The wait for this Diamond League event since the last has seemed longer than usual. In this time, there have been many National, regional and various international events which have caught the attention of the athletics world in these past weeks. Notably, the US Trials which saw Galen Rupp return to winning ways, along with the Age Group Championships in the UK.
The conditions in Paris were perfect, with this event set to be one of the best meets of the series, with the potential of multiple world records being broken as the worlds best of Genzebe Dibaba going head to head with Almaz Ayana in pursuit of the Women’s 5,000m WR.
The event would start off with one of the big upsets of the day. The Men’s 400m looked to be going to plan with Kirani James easing past the majority of the field up to the 300m where he was challenged by the South African, Wayde Van Niekirk. Van Niekirk would hold off James and came through to win in almost a WL time of 43.96 seconds which was a massive South African record as well.
Men’s 3000m SC:
Next up on track would be one of the events of the night. Evan Jager was entered alongside the worlds best Kenyan contingency with the likes of Ezekiel Kemboi, the Olympic Champion also running. Jager, the world leader over 1500m with his 3:32 run a couple a weeks ago before the US trails would be targeting the US record which he already held at 8:04.71. Inevitably, he would slot in with the Kenyan runners going with the fast pace, separating away from the rest of the field in a group of four whitch would very soon become a group of two where Jager took the initiative to hit the front where he stretched away over the last lap looking set to win. However, when all seemed set to be a massive sub 8:00 clocking, Jager’s legs couldn’t withstand the impact of the final hurdle, collapsing to the ground. Birech came from behind to take victory in 7:58.83 but Jager still managed a strong AR of 8:00.45 for second.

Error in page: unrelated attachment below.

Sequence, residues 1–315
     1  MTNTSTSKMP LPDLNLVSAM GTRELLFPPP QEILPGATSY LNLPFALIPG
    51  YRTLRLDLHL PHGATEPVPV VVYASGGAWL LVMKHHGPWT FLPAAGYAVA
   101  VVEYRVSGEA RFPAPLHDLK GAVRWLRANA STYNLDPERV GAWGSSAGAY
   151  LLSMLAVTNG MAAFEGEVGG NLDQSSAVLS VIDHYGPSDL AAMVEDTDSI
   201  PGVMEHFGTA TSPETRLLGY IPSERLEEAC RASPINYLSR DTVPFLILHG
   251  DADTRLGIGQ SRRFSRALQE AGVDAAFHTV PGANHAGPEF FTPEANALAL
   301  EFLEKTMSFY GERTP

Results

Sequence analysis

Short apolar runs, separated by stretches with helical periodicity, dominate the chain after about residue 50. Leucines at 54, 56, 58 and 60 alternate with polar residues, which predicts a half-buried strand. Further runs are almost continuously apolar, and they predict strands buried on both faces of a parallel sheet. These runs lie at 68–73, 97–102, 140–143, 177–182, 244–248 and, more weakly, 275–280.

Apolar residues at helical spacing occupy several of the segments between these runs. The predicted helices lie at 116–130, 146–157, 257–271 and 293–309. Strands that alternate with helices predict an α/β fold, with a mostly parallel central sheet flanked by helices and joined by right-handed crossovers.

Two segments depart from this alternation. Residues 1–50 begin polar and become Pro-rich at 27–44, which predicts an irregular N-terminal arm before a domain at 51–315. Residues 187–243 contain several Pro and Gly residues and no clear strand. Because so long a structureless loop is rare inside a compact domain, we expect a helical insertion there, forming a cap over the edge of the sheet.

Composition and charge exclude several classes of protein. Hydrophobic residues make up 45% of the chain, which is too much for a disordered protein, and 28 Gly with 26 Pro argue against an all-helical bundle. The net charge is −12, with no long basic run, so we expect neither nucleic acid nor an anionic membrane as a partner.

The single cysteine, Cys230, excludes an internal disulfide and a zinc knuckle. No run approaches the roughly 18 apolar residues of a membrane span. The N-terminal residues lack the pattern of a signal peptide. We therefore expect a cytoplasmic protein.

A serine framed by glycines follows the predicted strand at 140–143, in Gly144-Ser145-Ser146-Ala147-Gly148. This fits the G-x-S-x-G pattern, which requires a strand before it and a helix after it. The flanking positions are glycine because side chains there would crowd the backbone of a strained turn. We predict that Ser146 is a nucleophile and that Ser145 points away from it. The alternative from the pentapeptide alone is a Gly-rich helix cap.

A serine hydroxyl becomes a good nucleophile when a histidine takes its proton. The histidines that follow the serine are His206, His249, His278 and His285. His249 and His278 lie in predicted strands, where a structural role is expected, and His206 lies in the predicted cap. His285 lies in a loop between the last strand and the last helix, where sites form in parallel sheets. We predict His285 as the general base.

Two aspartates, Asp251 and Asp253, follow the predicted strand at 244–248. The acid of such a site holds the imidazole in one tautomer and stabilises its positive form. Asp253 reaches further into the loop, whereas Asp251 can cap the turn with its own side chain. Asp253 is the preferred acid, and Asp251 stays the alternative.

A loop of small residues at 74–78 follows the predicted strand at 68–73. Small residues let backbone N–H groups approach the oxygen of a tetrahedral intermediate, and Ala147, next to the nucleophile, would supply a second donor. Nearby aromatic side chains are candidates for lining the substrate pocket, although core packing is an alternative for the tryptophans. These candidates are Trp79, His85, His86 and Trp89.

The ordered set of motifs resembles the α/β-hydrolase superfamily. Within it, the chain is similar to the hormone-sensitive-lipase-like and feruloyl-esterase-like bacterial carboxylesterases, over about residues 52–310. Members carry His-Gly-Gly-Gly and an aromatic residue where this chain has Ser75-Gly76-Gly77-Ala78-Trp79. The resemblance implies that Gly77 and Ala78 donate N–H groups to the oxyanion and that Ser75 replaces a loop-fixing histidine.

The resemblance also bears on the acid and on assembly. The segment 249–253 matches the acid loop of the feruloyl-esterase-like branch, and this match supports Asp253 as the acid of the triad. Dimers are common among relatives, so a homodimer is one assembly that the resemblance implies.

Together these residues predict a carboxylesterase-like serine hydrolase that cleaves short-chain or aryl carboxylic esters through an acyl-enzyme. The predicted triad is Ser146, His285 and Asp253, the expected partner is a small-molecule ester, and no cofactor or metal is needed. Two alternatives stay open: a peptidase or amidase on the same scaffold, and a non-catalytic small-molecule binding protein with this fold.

In the Women’s 800m, it was a strong pace from the start, hitting 600m in 1:27.15 where Eunice Sum would hit the front and not look back. She was always in control coming off the bend where she would dip under 1:57, running 1:56.99 making her the first women to run under 1:57 in two years, certainly making her the favourite for the World Championships later this year.
For me, one of the most exciting races of the day came in the men’s 1500m. The Olympic Champion, Makhloufi took on the pace after running a very impressive 2:23 1000m previously this week. He would painting this strong pace of 1:52 through 800m until the final 100m where Silias Kipligat and Souleiman challenged the lead. Kipligat had the speed this time to take the victory, just missing out on the first sub 3:30 clocking of the year, winning in a time of 3:30.12.
This race was set up to be the big race of the day. The two fastest women in the world this year, Genzebe Dibaba and Almaz Ayana would go head to head in a battle to break the world record which stood at 14:11 by Genzebe’s older sister Tirinesh, set four years ago. However, it would be realised very early on that they would struggle to hit this record, the pacing duties were poorly handled with a very weird, undulating pace that is very difficult to run. For the and record attempt, you need a consistent string pace which doesn’t surge at all, allowing you to get into your running. This was far from the case here after Ayana throwing in a 63 second lap, 5 seconds per lap faster than what was required for the record. Inevitably, this would result in a subsequent 73 second lap. The two of Dibaba and Ayana would be miles ahead of the rest, hitting 3000m in 8:36 which was 6 seconds outside of the record pace. The time would continue to slip and Dibaba just waited and waited until the last lap where she was easily able to kick away from Ayana in a 61.17 second last lap to win in 14:15.41 and Ayana finished in 14:21.97.